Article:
So yes, I agree with the readiness crisis. But the solution to the readiness crisis is not to dramatically increase the defense budget and expand the mission set so that you’re buying more equipment and putting more requirements on the COCOMs [combatant commands].

The solution is to say: ‘OK, let’s be realistic about we can be prepared to do,’ and then train our men and women in the military to be ready to do it.

You can whip yourself into a frenzy about all of the people who are coming after you. I think we can take a step back, build partnerships, and try to find ways through diplomatic and other means to reduce the risk of these conflicts that we have to spend so much money to prepare for.

Right now, the Trump administration apparently has one and only one approach, and that is to try to present the world with the most massive military he can possibly and hyperbolically describe as a deterrent to their bad actions, as opposed to building partnerships with other nations, who have similar interests, so that they can help us meet our national security interests – or finding ways to work diplomatically with countries like China and Iran and North Korea, and even Russia for that matter – to reduce the threat that we face and get to a different place.

I am aware of the threats – as aware as anybody – but there is a finite amount of money out there and they seem to be pretending that there’s not.

Air Force Secretary Heather Wilson has said the service will still go to war at lower readiness levels but fewer airmen will come back. Has Congress become apathetic to casualties?

No. I don’t think so.

On the other hand, there is also a ceiling on what Heather Wilson is saying. If that’s the case, and you spin out all the scenarios – and they’re all possible, none of them likely, but they’re possible – Russia could go rolling into Eastern Europe, try to take over the Baltic states; Iran could invade Saudi Arabia; China could invade Taiwan; North Korea could invade South Korea. Pick a scenario. It could happen.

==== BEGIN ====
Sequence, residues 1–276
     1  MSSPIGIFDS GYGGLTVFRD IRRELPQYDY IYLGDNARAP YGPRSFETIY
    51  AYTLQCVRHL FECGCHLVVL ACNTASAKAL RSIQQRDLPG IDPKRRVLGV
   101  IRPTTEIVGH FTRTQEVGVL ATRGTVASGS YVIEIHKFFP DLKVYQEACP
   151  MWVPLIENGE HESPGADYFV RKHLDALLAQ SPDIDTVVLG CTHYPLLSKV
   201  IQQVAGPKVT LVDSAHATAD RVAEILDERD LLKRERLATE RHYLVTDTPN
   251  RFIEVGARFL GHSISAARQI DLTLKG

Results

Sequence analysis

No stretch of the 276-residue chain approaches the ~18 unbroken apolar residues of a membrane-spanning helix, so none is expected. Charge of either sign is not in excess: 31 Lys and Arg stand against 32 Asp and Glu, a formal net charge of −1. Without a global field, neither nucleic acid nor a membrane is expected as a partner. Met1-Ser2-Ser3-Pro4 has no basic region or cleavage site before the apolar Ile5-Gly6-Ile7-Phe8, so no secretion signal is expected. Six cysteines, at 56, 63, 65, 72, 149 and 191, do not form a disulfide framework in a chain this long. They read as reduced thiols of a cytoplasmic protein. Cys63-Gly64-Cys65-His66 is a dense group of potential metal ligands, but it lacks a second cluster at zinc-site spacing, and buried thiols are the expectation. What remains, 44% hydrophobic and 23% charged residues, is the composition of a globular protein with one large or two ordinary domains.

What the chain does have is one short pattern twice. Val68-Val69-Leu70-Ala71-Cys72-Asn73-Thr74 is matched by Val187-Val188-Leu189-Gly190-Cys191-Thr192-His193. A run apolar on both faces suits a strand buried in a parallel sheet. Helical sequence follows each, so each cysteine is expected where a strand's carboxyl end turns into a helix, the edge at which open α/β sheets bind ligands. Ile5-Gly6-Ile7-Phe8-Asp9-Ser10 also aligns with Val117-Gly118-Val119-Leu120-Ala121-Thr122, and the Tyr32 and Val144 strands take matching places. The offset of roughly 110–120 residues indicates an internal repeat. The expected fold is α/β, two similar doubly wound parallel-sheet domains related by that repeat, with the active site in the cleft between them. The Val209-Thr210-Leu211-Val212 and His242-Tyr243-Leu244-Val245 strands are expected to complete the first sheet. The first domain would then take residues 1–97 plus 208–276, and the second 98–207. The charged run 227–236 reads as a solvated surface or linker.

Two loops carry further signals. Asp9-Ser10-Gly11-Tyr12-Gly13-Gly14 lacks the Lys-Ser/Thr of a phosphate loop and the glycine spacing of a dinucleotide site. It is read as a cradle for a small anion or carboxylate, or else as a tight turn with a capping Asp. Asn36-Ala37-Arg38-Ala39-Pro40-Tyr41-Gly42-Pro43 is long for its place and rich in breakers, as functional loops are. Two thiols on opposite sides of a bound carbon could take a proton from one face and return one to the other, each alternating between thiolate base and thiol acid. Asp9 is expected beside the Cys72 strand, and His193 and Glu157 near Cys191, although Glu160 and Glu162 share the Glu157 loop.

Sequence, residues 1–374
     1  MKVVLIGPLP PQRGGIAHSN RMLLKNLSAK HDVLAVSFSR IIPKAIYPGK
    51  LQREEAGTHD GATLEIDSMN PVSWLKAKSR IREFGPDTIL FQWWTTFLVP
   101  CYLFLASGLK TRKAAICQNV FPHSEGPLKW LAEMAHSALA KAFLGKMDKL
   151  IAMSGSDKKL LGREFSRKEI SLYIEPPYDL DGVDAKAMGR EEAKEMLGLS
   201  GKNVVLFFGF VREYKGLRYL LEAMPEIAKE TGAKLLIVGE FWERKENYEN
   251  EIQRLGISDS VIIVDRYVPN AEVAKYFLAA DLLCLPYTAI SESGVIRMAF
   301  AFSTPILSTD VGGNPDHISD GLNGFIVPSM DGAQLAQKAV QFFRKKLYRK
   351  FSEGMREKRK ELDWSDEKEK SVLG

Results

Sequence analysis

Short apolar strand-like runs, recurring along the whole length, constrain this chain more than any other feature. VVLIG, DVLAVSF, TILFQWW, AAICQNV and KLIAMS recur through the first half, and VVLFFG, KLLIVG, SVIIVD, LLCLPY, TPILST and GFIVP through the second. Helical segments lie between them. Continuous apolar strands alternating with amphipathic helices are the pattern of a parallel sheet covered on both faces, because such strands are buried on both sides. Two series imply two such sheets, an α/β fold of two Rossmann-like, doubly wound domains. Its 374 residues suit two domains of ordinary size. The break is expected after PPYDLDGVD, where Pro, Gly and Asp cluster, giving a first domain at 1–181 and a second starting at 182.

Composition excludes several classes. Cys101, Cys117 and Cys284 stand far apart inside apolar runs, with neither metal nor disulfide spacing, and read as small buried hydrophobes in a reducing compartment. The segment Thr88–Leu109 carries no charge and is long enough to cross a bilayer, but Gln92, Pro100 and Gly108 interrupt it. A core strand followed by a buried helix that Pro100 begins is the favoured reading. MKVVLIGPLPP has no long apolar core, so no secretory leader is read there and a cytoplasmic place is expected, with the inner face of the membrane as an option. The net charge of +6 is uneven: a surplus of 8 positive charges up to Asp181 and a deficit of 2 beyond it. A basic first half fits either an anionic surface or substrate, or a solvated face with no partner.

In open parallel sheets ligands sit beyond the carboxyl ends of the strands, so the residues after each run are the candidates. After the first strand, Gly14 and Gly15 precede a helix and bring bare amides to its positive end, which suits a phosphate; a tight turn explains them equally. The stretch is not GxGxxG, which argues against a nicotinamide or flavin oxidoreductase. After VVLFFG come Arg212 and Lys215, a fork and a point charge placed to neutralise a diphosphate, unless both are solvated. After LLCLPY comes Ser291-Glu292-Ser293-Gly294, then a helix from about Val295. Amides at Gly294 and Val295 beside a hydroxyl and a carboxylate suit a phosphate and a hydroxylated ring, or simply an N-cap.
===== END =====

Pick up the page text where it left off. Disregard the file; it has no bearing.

By that measure, we would need a defense budget somewhere in the neighborhood of $6 trillion in order to be ready for everything. That’s not possible.

It’s true: When the Korean War happened … we weren’t ready for it. The first groups of people that we sent over there were not ready and as a consequence, a lot of people died.

But if you take the measure and say you’re going to train as if tomorrow every bad national security scenario could happen, then let’s just raise taxes dramatically and get rid of all other federal spending and acknowledge that’s what we’re going to do.

The bottom line is you do have to take some risks. What’s the risk of not funding infrastructure? How many more bridges have to collapse and how many more trains have to run off the tracks before we recognize that those people are dead too. How many people have to die because they don’t have access to adequate healthcare before we count that?

Do you agree that as equipment ages and the military branches cut back on training, more troops will be killed in training accidents and ship collisions?

Yes, I don’t disagree with that at all. But what I’m saying is: Yes, we should do that, but if you then expand the mission set out, then you have to train for even more. You need even more equipment and you need even more people in the service, so you need to train them even more.

You have to have a balance there. If you just say, ‘We have to be ready for absolutely every bad thing that could happen to us from a national security standpoint,’ you’re trapped in an endless loop.

So, no, I don’t disagree at all. That’s why I’ve said: We should vet our mission set and train to it.